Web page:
Sunday, August 20, 2017

Utah Age Group Rankings 2017 - WOMEN ROUND 2

It’s time for Round 2 of the Utah Tri Buzz 2017 age group rankings!

We stand & applaud everyone on the list. Regardless of individual rank, these are all people who have gotten out to race and who support the local scene.

Think about it, how many people stayed in bed while you were out testing your limits?? 
How many others are active, yet too chicken to ever toe a start line??

Kudos to everyone in the rankings... you're strong in both body & mind!

Lastly, keep in mind this is for FUN... please don't take the rankings too seriously.




The methodology is simple:

* To be eligible for Round 2 Rankings, must have raced at least 2 of these 14 events on the local calendar (23 total races counting Sprint/Olympic options):


  • Icebreaker (Apr 8)
  • Ironman St. George 70.3 (May 6)
  • Salem Spring (May 13)
  • Sand Hollow - Sprint/Olympic (May 20)
  • East Canyon - S/O (Jun 10)
  • Rock Cliff - S/O (Jun 17)
  • Daybreak - S/O (Jun 24)
  • DinoTri - S/O (Jun 24)
  • Echo - S/O (Jul 8)
  • Toughman Utah Half (Jul 15)
  • San Rafael - S/O (Jul 15)
  • Topaz - S (Jul 15)
  • Jordanelle - S/O (Aug 12)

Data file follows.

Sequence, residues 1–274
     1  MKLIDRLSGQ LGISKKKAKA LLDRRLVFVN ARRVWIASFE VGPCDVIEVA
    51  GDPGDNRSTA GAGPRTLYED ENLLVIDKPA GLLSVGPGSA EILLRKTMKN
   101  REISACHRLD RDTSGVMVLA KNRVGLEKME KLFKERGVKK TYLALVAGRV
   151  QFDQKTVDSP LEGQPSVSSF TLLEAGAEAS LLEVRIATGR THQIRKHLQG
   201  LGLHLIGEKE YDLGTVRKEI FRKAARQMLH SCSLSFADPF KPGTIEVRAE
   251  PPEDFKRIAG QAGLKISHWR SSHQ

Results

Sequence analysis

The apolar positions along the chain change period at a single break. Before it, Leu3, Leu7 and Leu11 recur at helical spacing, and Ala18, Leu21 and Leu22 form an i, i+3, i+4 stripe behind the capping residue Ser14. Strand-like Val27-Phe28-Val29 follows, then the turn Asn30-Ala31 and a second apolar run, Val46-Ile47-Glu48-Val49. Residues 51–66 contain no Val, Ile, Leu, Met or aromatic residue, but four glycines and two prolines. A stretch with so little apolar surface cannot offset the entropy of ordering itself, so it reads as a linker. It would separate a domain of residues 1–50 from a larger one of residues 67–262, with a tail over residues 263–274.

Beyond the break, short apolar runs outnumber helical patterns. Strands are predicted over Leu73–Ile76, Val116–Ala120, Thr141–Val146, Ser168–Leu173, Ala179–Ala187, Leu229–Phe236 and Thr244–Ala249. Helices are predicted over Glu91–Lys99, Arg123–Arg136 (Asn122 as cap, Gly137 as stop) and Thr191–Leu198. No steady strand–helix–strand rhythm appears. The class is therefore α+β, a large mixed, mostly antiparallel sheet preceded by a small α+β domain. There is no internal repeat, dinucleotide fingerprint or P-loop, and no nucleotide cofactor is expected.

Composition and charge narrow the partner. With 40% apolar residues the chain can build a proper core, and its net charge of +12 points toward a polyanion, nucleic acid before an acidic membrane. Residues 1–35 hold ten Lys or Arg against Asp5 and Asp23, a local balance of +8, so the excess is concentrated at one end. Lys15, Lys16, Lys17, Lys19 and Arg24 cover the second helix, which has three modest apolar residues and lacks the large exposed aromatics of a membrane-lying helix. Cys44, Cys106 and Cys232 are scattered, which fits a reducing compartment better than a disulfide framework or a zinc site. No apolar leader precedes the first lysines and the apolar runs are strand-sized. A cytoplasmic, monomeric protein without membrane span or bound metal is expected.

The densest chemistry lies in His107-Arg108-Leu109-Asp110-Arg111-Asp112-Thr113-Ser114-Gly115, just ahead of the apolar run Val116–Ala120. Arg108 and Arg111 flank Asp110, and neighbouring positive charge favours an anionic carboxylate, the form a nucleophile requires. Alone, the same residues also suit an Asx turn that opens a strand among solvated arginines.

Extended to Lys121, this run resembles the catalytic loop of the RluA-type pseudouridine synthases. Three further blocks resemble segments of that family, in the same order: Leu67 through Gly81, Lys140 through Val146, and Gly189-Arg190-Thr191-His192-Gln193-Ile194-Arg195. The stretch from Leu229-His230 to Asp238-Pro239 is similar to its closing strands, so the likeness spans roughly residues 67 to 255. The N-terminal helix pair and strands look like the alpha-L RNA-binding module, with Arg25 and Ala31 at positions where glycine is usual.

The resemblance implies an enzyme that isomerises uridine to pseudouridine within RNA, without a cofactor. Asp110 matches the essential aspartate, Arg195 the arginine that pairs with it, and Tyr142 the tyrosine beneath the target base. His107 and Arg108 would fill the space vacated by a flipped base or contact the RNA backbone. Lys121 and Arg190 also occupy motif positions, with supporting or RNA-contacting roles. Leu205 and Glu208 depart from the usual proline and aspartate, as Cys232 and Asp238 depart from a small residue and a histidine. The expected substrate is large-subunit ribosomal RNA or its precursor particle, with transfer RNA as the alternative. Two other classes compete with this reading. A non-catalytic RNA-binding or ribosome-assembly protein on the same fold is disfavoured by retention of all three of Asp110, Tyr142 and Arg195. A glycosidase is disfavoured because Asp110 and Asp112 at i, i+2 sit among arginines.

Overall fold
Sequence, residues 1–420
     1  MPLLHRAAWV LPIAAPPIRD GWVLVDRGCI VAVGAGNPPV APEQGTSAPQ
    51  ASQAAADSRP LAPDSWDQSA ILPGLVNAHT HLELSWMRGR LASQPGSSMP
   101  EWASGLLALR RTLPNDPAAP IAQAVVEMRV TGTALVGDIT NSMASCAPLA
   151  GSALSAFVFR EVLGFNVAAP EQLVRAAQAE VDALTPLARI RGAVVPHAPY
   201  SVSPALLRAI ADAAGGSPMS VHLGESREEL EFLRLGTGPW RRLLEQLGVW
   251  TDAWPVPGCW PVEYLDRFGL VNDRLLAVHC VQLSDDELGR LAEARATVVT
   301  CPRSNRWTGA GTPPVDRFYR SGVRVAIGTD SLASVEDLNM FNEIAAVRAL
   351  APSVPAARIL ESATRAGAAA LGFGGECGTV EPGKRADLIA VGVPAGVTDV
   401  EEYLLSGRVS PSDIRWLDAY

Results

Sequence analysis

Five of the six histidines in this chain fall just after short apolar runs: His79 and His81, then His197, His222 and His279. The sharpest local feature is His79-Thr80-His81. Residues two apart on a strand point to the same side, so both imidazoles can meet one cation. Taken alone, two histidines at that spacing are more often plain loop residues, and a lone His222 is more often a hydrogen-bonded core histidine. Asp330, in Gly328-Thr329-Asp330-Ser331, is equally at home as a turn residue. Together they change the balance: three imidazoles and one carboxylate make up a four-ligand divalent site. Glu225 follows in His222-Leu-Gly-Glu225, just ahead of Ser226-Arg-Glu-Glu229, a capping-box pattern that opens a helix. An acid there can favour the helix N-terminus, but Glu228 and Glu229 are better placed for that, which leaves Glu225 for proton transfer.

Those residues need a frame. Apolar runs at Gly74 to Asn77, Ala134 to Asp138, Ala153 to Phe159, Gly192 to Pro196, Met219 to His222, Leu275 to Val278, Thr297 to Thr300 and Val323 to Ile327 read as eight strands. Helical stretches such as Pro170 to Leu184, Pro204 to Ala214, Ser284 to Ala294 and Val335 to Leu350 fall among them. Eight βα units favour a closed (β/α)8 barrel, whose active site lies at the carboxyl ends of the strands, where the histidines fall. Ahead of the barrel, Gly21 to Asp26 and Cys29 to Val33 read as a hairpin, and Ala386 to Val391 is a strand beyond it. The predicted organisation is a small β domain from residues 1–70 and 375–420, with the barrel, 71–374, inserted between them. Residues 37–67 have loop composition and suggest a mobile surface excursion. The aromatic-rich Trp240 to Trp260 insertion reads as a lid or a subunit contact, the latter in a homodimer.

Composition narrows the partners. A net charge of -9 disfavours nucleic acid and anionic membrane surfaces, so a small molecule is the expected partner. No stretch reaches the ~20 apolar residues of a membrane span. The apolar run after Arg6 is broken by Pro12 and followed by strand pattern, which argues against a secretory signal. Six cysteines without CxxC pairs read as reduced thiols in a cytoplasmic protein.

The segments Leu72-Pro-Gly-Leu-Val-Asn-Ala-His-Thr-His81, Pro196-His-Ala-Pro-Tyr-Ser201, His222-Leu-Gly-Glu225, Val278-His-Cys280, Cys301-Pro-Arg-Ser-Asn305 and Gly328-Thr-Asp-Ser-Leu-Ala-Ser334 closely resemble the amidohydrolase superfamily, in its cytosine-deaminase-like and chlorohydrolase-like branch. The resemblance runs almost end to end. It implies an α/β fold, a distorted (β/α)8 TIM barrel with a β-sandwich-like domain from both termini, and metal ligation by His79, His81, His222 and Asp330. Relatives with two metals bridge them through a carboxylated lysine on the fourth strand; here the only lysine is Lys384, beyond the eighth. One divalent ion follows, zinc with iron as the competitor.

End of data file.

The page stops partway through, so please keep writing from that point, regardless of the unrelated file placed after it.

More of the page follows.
• Black Ridge - S/O (Aug 12)

Round 1 (thru June): 2 race minimum
Round 2 (mid Aug): 2 race minimum
Round 3 (end of season): 3 race minimum (average of your top 3 races)




* The final rankings will be the basis for several “Most Improved” and other awards, not just awards for AG winners/podiums.

* Like last year, we take the AVERAGE of everyone’s top 3 races for the final rankings… this provides some incentive to get out and race often, as you can only help yourself by racing more. For example, if you have an off day, or even a dreaded DNF, that result will shake out of your top 3 average if you race 4+ times.

* We use your Overall % to calculate the rankings (which is shown in all the individual race “Results Breakdowns” we post). This is simply how you placed vs. the field - if you placed 60th out of 100 at a race, that’s 60%. If you placed 80th out of 200 at another, that’s 40%. In this case those two then average to 50%.

Your 50% average would then be stacked up to the rest of your age group for the rankings.


Last races up!

Sep 9:    Kokopelli (S & O) - St. George
               Bear Lake Brawl (S & O)
              
Sep 16:  Camp Yuba (S & O)
               Brineman (S, O, H) - Syracuse
               Bear Lake Brawl (Half & Full)

Oct 28:   Southern Utah Triathlon - St. George  ... TBD if will count for 2017 or 2018


So if you've participated in 2 qualifying races so far, it only takes ONE of these late-season events to qualify for the FINAL, "WALL OF FAME" rankings and become eligible for awards & swag (most improved awards, AG awards, etc). If you've raced 3+ times, racing again can only help you, as your "worst" results will shake out of your Top 3 average.

Get out and race!

















Related Posts

SWAG ANNOUNCEMENT 2017

WALL OF FAME Final Rankings 2016 - Women Part 2


WALL OF FAME Final Rankings 2016 - Women Part 1


WALL OF FAME Final Rankings 2016 - Men Part 2